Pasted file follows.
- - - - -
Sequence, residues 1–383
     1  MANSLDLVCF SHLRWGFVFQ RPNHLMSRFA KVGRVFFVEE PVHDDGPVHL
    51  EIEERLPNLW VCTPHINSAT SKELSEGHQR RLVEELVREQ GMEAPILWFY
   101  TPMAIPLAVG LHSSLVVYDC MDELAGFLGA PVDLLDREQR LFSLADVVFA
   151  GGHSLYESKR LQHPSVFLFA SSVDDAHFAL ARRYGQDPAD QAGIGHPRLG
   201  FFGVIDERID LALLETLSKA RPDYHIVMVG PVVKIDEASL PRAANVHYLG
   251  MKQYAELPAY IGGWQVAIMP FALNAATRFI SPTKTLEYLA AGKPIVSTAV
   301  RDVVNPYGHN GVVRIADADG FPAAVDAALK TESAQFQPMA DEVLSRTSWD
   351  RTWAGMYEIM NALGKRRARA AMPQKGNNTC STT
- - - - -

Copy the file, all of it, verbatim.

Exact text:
Sequence, residues 1–383
     1  MANSLDLVCF SHLRWGFVFQ RPNHLMSRFA KVGRVFFVEE PVHDDGPVHL
    51  EIEERLPNLW VCTPHINSAT SKELSEGHQR RLVEELVREQ GMEAPILWFY
   101  TPMAIPLAVG LHSSLVVYDC MDELAGFLGA PVDLLDREQR LFSLADVVFA
   151  GGHSLYESKR LQHPSVFLFA SSVDDAHFAL ARRYGQDPAD QAGIGHPRLG
   201  FFGVIDERID LALLETLSKA RPDYHIVMVG PVVKIDEASL PRAANVHYLG
   251  MKQYAELPAY IGGWQVAIMP FALNAATRFI SPTKTLEYLA AGKPIVSTAV
   301  RDVVNPYGHN GVVRIADADG FPAAVDAALK TESAQFQPMA DEVLSRTSWD
   351  RTWAGMYEIM NALGKRRARA AMPQKGNNTC STT